by Joe Shelton
Justice League resembles nothing so much as a less scary, more confusing Frankenstein’s monster. Only rather than an arm here and a leg there, it is put together out of bits and pieces left over from a survey of the last twenty years of big budget Hollywood.
Far from the relatively elegant Wonder Woman, Justice League feels like the nightmare that a recently pubescent boy might have at a sleepover after a big helping of pizza and cereal: muscle-bound lugs, half of whose names are comprised of the word “man” (AquaMAN, SuperMAN, BatMAN) punch, kick, shoot and throw their merry way through an army of winged zombies, accompanied, of course, by their token female friend, with whom each of them will, at some point or another, enjoy a moment of sexual tension. Then, once they’ve punched bad guys separately, they all come together at the end for an inspirational bout of punching bad guys together. Along the way they learn a lesson about how they have to stick together or something.
Truly, this is the superhero movie at its least comprehensible. Which is to say: maybe it’s all been leading up to this. The millions, even billions, that Hollywood has spent on bringing these four-color children’s stories to the screen has culminated, finally and forever, in a movie that succeeds in actually capturing what it is like to read a comic book. Or rather, what it is like to be a bemused adult paging through issue 247 of a comic book series he cannot hope to ever catch up on.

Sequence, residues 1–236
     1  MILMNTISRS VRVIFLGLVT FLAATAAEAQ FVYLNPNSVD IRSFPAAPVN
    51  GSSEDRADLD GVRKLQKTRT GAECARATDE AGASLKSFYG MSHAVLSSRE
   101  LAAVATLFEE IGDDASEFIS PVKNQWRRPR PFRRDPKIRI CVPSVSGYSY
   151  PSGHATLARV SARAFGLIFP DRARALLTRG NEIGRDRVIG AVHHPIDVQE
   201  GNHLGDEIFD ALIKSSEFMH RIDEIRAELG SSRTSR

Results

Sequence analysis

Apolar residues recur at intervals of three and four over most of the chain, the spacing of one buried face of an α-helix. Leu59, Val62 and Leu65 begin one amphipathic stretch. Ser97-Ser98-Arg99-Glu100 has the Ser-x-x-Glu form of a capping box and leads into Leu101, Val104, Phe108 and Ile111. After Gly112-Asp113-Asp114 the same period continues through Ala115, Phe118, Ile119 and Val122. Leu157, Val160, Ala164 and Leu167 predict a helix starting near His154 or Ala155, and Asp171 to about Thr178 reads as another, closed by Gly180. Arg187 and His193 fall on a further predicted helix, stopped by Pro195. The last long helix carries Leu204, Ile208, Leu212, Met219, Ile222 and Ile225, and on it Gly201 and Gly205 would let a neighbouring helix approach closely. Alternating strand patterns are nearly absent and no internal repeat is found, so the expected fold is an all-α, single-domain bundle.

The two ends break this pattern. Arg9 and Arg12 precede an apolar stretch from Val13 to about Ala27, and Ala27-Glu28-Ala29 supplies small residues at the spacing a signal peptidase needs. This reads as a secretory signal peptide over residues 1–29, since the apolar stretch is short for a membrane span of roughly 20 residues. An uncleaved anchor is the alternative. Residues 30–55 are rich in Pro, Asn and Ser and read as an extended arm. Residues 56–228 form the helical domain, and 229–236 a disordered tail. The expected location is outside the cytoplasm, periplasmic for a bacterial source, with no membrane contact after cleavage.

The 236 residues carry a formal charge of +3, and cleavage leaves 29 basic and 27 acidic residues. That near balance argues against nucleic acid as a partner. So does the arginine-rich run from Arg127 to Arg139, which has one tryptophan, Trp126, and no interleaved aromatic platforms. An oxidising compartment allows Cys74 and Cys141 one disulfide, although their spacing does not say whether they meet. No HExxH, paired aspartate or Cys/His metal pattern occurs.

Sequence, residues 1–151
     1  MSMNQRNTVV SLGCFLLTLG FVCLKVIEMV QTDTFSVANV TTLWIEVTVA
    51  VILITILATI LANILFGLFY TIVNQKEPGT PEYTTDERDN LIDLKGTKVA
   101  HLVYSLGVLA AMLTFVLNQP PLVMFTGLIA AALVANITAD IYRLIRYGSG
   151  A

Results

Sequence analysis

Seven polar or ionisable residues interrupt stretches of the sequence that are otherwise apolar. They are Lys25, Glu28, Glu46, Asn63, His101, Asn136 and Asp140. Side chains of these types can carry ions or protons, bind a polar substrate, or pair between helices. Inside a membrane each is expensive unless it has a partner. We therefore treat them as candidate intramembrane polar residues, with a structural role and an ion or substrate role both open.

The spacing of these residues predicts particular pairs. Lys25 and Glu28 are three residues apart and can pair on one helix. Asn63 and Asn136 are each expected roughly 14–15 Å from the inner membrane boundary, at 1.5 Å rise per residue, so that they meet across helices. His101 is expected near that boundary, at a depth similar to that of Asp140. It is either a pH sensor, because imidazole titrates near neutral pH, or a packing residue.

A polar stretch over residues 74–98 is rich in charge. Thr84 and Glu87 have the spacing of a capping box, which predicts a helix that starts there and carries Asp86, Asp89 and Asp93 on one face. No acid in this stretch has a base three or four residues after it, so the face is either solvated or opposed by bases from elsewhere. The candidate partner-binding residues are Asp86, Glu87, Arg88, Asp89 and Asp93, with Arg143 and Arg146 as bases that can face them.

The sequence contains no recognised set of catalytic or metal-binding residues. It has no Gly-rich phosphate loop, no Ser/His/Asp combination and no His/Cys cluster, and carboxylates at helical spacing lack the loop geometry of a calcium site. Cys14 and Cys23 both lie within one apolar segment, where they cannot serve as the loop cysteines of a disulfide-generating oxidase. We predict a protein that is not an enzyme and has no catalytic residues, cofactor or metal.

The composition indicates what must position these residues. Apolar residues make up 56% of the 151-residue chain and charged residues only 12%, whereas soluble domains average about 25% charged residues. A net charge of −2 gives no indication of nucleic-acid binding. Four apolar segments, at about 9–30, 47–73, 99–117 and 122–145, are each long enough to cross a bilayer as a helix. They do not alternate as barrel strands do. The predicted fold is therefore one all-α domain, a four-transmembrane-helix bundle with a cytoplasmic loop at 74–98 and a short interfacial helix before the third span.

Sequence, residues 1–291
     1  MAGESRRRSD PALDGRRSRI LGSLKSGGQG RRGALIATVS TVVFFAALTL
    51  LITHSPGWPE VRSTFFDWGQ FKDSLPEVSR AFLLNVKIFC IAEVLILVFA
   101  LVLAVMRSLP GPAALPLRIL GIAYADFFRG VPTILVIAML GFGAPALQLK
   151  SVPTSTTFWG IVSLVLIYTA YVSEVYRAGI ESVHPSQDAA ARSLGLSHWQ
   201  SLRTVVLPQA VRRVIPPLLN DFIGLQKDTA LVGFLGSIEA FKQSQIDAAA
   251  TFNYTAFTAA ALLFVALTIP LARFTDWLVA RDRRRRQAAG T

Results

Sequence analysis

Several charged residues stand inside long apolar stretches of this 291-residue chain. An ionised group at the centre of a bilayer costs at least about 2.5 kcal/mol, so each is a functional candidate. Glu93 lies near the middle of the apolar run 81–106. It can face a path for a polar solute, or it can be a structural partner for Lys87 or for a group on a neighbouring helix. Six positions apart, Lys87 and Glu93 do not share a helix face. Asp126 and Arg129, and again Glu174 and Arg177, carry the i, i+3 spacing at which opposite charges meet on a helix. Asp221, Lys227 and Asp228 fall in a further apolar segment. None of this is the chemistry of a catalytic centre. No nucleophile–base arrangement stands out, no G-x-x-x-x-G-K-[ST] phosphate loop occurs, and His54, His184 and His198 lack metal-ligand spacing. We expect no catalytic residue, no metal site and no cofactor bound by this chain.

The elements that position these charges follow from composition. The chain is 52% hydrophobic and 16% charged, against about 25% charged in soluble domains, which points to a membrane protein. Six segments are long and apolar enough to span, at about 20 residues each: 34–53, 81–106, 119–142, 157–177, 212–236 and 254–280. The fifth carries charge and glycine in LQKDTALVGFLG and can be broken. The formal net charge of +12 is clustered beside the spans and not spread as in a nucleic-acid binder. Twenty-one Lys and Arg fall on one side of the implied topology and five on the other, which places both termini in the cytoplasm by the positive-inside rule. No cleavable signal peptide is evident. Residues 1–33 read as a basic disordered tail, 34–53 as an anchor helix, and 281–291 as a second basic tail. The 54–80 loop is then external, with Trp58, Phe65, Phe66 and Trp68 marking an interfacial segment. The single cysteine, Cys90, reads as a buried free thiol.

Because unlike Marvel’s Avengers, transparently the model for the kind of movie Justice League wants to be, Warner Brothers and DC have not spent 7 or 8 movies building up to this. Rather, with only Man of Steel, Batman v Superman and Wonder Woman to guide us, watching Justice League feels jarringly different.
While those movies flirted with aliens and supernatural elements, Justice League goes all in on vintage comics writer Jack Kirby’s Wagner-esque mythos, complete with “old gods” and “new gods,” harpy-esque creatures called “parademons,” and “mother boxes” – magical mcguffins that, when united, create a portal to blah blah blah.
If the Marvel movies are sterile and cautious almost to a fault (with the exception of Dr. Strange, Guardians of the Galaxy, and Thor: Ragnarok, some of Marvel’s weirder offerings), then Justice League is their sweaty, overeager little cousin shouting “wait for me!” Which is not to say that it is wholly unentertaining.
In fact, plied with enough pizza and sugary cereal (and maybe some hard liquor), you have to admit that behind all the bad special effects and dumb dialogue, there is a deep well of stupidity. And then behind that, somewhere, is a modicum of fun.